The arrival of the warmer months naturally boosts the number of cyclists on Britain’s roads, and that’s especially true in London.
After several months of heading underground to use the Tube to get about, many commuters and residents seize the chance for a change of scenery and to get some fresh air and exercise by hopping onto their pushbike.
If you don’t have a bike to hand, don’t fret, there are literally hundreds of street-side bicycles available to rent 24/7. All you have to do is have a credit or debit card (just in case the bike goes missing) and you’re free to roam. You’re charged by the hour and users can pick-up and drop-off their bike at any of the storage points – the same bike doesn’t have to go back to where you took it from.
However, London’s roads are notoriously busy and for less experienced cyclists, pedalling around the city may be a daunting prospect. Luckily, there are many novice-friendly open spaces where you can cycle in peace and safety.
Just a word of note before we get into it: while speed limits do not apply to cyclists within the parks, it is recommended that cyclists keep to appropriate speeds for the environment. Cycling at speeds between 8-12mph have been found to be perfectly acceptable to other park visitors.
Not all of London’s eight royal parks permit cycling, but this 350-acre park positively encourages it.
Hyde Park is not only one of the city’s most beautiful parks, it is deemed to be the most cycle-friendly park in all of central London, with several areas where pedal power is welcomed.
It is possibly the most obvious choice for anyone staying in hotels in Bayswater and if you plan to visit Hyde Park on two-wheels, there is a pleasant cycle route that covers much of the park.
Starting out from Victoria Gate, head East along North Carriage Drive – the park’s Northern perimeter – towards Speakers’ Corner, where you’ll begin to venture south down Broad Walk – a pleasant, wide, tree-lined boulevard.
After arriving at Hyde Park Corner, head West along Rotten Row – the park’s Southern perimeter – towards Alexandra Gate. Then cycle North past the Diana, Princess of Wales Memorial Fountain, over the Serpentine bridge and up West Carriage Drive back to where you started.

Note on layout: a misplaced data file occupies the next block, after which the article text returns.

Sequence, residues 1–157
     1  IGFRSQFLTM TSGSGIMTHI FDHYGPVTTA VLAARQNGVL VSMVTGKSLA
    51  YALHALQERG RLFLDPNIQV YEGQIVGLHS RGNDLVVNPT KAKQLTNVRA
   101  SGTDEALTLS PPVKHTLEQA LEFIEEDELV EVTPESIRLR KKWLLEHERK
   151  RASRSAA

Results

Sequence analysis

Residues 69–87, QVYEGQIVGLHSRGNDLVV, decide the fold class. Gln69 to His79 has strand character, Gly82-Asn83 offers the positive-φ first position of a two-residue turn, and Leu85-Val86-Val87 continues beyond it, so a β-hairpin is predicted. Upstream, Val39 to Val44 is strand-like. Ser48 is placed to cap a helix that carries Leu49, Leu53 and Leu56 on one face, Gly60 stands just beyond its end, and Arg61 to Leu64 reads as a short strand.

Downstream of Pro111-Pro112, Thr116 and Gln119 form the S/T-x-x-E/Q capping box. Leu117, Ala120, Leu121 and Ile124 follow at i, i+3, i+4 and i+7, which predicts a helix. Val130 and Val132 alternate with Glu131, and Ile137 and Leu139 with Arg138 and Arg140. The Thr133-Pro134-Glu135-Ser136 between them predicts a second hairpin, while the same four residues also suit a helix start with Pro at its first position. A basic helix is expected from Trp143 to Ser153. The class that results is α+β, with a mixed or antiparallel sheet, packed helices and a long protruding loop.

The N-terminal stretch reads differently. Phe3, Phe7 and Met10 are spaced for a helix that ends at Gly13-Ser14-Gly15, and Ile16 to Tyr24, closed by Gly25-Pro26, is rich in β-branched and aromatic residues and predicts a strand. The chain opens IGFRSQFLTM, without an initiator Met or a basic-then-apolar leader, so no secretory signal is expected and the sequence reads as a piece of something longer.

This route covers 2.5 miles and should take about an hour at a leisurely pace and with the occasional stop-off. This ride is considered to be perfect for families with very young children, offering the chance to make the most of a huge green space and spot some landmarks.
In daylight, you’d think Kensington Gardens were actually part of Hyde Park with no obvious barrier to differentiate the two. Needless to say, as they are tacked on to each other, you can cycle through both royal parks in one go.
Be aware though, cycling is only permitted on Palace Walk, Mount Walk and Broad Walk – which is used by over 1,200 cyclists every hour in the morning.
This is another beautiful park that is super friendly to cyclists. The 212-acre Victoria Park is one of London’s most important historic parks and its oldest public park. It sits just a mile from the Olympics Park and there are no restrictions for cyclists, who are free to explore the entire area. The only rule is that you stay safe and considerate to other park users.
You’re only allowed to cycle on Constitution Hill – the road that runs alongside the park. However, it’s still totally worth it because this road runs beside Buckingham Palace and brings you out at the Victoria Memorial around the front of the palace. Not everybody can say they’ve cycled past Buckingham Palace, so here’s your chance…
As a little bonus, Green Park leads onto St James’ Park, where you’ll be able to pedal along North Horse Ride, an incredibly scenic stretch parallel to The Mall.
Although cycling is a no-go for most areas in Regent’s Park, you can cycle around the outside and on the Northern section of Broad Walk, between Chester Road and the Outer Circle. It’s far from the best cycle route in London, but worth mentioning all the same if you’re in the area.
The 200-acre park was set up on the south bank of the River Thames in 1858 and is somewhat of a hidden gem when it comes to cycling in London, most notably due to its relaxing carriage driveways around the edge.
If you fancy taking a break from cycling, the park is home to a small children’s zoo, a boating lake, a bandstand and all-weather outdoor sporting facilities including tennis courts, a running track and football pitches.